I had originally planned to publish this yesterday morning, but with the news of the death of Charly Foucault breaking it just didn’t feel right. Now, as the news has sunk in, it feels inappropriate not to publish it…..
Looking back over 2015, at my favourite wine-related moments of the year, whether they be best bottles, best wine dinners, best tastings or otherwise, there was one visit-and-tasting-combined which was my obvious number-one choice for the year. In June 2015 I visited Clos Rougeard, and enjoyed a fantastic tasting in their new cellars with Nady Foucault (pictured below). It was the runaway highlight of the year.
Some visits disappoint, the wines or even the mood of the proprietor perhaps serving to dampen the experience in some way. Some are good, where everything goes well, and while no long-term memories are formed the wines are fine and the write up is appropriately positive. Some visits, though, are truly great, and this visit to Clos Rougeard certainly fits into this category. After descending three levels into the new Foucault cellars I spent the best part of three hours (I think – I wasn’t exactly clock-watching) in the cool and dimly-lit subterranean palace, tasting barrel samples and bottled wines, from all manner of vintages, most recent, one or two a little older.
What made the visit such an experience was firstly the quality of the wines. I have tasted and drunk (mostly the latter, to be honest) a fair amount of Clos Rougeard over the years, and while the wines are often exemplary, every domaine has its ups and downs. But the wines tasted on this occasion were just breathtaking. Great vintages helped, because I tasted several bottles and samples from 2010, 2011 and 2014, all very favourable years. Tasting the different components in 2014, from barrel, also helped lift the experience. The barrel components of 2014 Le Bourg, for example, were just tear-jerkingly complex and intricately woven. I came away with the feeling that, regardless of the prices asked these days, I had to have some of those wines. That doesn’t happen that often these days, even at some very famous addresses (most that I am thinking of here are in Bordeaux, as it happens).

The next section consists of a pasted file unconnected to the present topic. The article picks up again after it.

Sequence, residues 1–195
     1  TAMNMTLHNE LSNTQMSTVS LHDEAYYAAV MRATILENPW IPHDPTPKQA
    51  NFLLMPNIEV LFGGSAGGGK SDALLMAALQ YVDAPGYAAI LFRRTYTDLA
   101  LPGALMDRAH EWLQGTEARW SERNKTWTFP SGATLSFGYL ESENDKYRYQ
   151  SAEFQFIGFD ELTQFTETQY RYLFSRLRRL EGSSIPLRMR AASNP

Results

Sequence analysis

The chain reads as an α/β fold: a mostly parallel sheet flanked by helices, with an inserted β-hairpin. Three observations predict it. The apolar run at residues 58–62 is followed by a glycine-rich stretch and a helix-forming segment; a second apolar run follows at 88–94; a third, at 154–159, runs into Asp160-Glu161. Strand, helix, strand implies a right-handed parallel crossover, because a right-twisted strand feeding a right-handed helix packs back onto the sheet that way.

It wasn’t just the wine though; Nady proved himself a congenial host. For all the distance Nady and his late-brother (it feels strange writing that) Charly put between themselves and those that loved their wines, here in his presence it was clear he had the ability to charm. He clearly loved leading a tasting, and he clearly enjoyed the opportunities for humour it presented. He may appear to be a wiry, athletic, suffer-no-nonsense individual, but he clearly enjoys a joke as much as the next guy, and despite his ‘no pictures’ reputation, he also enjoyes playing the fool for the camera when it appears (even if all my pictures are along more serious lines!).
This was a tasting that filled my head with scents, sounds, tastes, experiences and ultimately memories, thanks to Nady’s hospitality and their wines. Charly wasn’t there of course – there was nothing unusual in that though. It was a couple of months later that I learnt he was ill. And just a week or two after that – yesterday in fact – that I learnt of his passing. It means my memory of this tasting is now tinged with sadness, but nothing like the sadness that must exist in Chacé and Chavignol today. My condolences to Charly’s wife Françoise, their son Antoine of Domaine du Collier, brother Nady and sister-in-law Anne Vatan of Clos la Néore.
This post concludes my Wine in Context review of 2015. If you are new to Wine in Context, a glance at Wine in Context #10: Return to Thieuley might be helpful. If you want to contribute, feel free to add your favourite moment in the comments below – or if you have a longer report from a great wine dinner, wine trip, wine tasting or other wine moment during 2015 you can email it to me, and I can host it on the blog for you.